To understand why, think back to the last war America fought with a conscript army. That was in Vietnam, and the results were decidedly grim. The draft brought upheaval and political alienation at home and shattered military discipline on the battlefields of Southeast Asia. Analysts started writing about a hollowed-out force, and Army leaders shaped by that period, like Colin Powell, became committed advocates of the all-volunteer military.
In an all-encompassing conflict like World War II, a draft would be necessary and bearable. The sacrifices would be broadly shared and the reasons for them well understood. But when fewer troops are needed for less clearly compelling causes - as is the case in Iraq today - the problems are overwhelming. Under these conditions, a draft should be avoided if at all possible. In theory, it should be very possible. There are more than 60 million men and women in the United States between 18 and 35, more than enough to comfortably supply the needs of all of America's military forces, even if Washington concludes that the current level of 140,000 American ground troops in Iraq must be maintained indefinitely.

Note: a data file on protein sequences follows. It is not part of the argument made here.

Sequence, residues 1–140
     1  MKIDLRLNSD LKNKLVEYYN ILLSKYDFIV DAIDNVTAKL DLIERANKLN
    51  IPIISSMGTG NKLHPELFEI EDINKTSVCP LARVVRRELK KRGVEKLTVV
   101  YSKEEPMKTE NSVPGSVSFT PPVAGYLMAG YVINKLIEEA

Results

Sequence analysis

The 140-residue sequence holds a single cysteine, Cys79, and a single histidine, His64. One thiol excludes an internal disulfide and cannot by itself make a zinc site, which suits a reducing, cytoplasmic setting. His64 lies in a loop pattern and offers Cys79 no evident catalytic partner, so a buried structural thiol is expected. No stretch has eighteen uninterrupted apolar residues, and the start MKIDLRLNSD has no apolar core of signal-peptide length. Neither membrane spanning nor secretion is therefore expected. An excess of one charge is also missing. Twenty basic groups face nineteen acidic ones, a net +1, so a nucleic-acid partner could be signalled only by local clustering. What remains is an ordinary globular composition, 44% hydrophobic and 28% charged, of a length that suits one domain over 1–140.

So there should be no need for returning to a draft. Nor ought there to be any need for huge financial bonuses, higher age ceilings, extended reserve call-ups and rapid recycling of soldiers to the battlefields of Iraq and Afghanistan.
In fact, the only reason any of these things are on the table right now is because of the Pentagon's gross mismanagement of ground forces in Iraq.
Today's active duty Army has an officially authorized strength of 510,000 soldiers, although about 25,000 of those slots are currently unfilled. Historically, the Pentagon has considered it practical to send only about two-thirds of the Army's force to lengthy overseas tours. Others like most army doctors, lawyers, trainers, trainees, auditors and engineers are based at home. The Pentagon is now trying to increase that percentage, but the most recent estimates by independent analysts put the readily deployable number somewhere between 320,000 and 350,000.